“We always strive for a strong client and architect/builder relationship that’ll contribute to a fun build,” Dahms said.
Because the landing area into the second story serves as a large transitional space, Dahms, along with the Nelsons, decided to utilize it more purposefully as a well-lit workspace with plenty of daylight.
“We wanted to maintain the original footprint of the home,” Kyja explained. “We weren’t looking to add more square footage horizontally, but rather vertically with the goal of using that space smarter.”
Dahms added a full second story and back balcony, keeping in mind the Nelsons’ goal to have the backyard be an extension of their home. The pair appreciated his openness and ability to reuse the materials they’d had in place, such as the insulation they’d put into the half-story roof a few years prior, along with windows they’d previously installed. In addition to the upper level changes, Dahms replaced the small “hut-like” entry of the home with a more adequate vestibule.
“My favorite change to the build was deciding to cap off one end of the upper and lower deck," Dahms said. "Along with the way it mimics the front entry, it also creates a more intimate space to be in. It really made a lot of sense, and I don’t think it would’ve happened in a traditional build when the designer isn’t present on a day to day basis.”
The bright primary bedroom’s bold headboard was crafted by J. Earl Miller Studios from a felled walnut tree in Fargo.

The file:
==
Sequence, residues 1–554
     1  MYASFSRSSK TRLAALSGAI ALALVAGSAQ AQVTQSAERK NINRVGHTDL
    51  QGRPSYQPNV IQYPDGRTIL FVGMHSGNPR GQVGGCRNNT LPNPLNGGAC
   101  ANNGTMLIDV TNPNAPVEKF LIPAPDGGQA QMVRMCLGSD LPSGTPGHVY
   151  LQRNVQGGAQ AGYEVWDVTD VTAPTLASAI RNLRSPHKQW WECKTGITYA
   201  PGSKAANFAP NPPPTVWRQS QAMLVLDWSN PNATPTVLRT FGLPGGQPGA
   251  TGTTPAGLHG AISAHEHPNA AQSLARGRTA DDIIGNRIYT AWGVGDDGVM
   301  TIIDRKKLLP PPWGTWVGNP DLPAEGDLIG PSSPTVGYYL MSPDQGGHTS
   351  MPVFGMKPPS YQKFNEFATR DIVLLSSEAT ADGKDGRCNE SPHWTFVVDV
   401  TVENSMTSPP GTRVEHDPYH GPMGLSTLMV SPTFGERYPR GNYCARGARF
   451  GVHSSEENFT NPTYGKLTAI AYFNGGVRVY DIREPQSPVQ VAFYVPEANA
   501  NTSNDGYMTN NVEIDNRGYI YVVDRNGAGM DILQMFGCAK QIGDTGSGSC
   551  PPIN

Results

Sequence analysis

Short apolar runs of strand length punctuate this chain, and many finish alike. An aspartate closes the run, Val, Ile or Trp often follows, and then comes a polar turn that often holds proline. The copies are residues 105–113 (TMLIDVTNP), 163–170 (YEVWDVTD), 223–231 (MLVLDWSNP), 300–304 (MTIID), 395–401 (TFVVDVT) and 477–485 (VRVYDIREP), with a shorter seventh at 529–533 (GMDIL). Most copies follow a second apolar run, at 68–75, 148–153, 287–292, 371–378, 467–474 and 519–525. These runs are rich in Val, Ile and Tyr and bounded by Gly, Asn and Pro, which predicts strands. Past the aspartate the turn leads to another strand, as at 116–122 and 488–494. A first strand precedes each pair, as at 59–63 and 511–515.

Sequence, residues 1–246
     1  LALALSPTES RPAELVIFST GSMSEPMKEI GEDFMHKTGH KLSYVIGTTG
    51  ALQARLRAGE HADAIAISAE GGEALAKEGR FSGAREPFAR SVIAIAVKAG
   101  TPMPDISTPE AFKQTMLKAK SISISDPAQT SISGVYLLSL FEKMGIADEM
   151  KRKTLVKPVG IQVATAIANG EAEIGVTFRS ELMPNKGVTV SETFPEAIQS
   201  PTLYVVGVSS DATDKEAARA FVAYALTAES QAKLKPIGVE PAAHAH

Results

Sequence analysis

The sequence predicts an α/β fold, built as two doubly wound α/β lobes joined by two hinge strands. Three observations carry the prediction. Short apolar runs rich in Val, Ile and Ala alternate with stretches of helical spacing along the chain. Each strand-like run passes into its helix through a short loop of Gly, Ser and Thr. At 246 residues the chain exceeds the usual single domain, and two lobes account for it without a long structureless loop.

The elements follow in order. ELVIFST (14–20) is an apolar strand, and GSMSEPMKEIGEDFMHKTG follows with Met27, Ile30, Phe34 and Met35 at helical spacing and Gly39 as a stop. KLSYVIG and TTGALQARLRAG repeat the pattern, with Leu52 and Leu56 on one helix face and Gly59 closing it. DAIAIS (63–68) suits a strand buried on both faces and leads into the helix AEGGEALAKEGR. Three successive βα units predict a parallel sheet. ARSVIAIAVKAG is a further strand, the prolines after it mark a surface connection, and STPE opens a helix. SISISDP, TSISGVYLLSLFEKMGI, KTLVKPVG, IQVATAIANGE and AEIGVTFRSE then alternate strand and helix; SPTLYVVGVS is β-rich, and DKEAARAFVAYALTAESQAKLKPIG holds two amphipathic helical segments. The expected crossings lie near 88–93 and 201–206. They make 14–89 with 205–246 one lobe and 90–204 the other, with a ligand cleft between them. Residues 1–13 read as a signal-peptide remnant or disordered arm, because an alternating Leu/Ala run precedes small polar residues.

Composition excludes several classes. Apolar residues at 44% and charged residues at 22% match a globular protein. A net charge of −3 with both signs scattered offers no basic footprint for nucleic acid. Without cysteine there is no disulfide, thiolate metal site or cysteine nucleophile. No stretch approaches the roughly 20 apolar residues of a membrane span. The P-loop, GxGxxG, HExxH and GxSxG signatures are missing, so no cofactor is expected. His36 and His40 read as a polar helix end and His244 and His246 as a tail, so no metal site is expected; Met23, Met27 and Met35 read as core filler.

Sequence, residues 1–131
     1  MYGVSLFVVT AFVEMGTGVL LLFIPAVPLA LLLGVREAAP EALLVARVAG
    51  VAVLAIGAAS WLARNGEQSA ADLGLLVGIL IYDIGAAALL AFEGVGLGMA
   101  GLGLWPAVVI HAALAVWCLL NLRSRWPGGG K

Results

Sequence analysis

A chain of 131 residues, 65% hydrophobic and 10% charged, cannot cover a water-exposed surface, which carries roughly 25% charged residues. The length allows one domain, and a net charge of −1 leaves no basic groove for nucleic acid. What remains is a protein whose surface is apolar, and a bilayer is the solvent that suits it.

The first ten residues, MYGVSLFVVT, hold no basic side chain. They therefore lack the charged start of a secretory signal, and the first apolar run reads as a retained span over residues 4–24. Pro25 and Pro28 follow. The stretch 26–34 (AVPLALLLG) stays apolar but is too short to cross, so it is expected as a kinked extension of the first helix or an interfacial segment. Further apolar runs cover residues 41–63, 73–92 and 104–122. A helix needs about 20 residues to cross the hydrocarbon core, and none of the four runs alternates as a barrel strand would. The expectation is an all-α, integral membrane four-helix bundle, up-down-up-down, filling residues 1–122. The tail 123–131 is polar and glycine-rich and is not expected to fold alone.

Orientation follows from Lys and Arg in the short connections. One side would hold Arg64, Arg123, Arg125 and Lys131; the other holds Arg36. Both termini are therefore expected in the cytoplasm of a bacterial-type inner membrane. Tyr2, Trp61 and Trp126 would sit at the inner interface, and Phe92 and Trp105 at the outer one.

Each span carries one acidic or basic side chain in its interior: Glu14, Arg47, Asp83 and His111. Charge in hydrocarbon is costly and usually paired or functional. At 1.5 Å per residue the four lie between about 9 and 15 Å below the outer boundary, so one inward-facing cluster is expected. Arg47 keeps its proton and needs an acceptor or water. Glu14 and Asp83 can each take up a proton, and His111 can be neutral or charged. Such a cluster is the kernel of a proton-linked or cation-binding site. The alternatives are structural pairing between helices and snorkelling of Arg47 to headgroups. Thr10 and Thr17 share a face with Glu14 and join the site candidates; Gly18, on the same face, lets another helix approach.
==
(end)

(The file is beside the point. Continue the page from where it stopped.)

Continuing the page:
Unna Nelson was most grateful for the addition of a door into her bedroom. Before Dahms arrived, there was just one interior door in the Nelsons’ home, which was not ideal for their growing daughter.
Before moving back to the Fargo area in 2006, Kyja and Chris were living on the North Coast of Iceland, while Kyja was making a film largely based on her Icelandic ancestry. During their time there, the pair grew fond of Icelandic design, which incorporates lots of steel roofs and siding. More specifically, the design of the Icelandic Emigration Center, located in the fjord where Kyja’s family is from, caught the pair’s eye. The design of this center consisted of several black wood buildings. “Ever since then, I have always wanted to pay homage to that site," Kyja said. "We miss living there. We miss our friends. So we made a deal with Scott. He would supply the wood from his grain elevator, and we would do the finishing of it, which included a technique called Shou Sugi Ban.” Creating this unique hand finished design was no simple task.
“It was definitely time consuming,” Kyja said of the process of creating the Shou Sugi Ban finish on their home’s exterior. “It was a labor of love, filled with learning opportunities along the way. That was another reason I really liked working with Scott; the design continued to evolve as we got into the space and learned how the design felt with the surroundings; how light and landscape interacted with the space.”
The ultra collaborative design process, combining Dahms’s creative adaptability and the Nelsons’ distinct vision for their potential space, resulted in a beautifully unique place for this family to call home.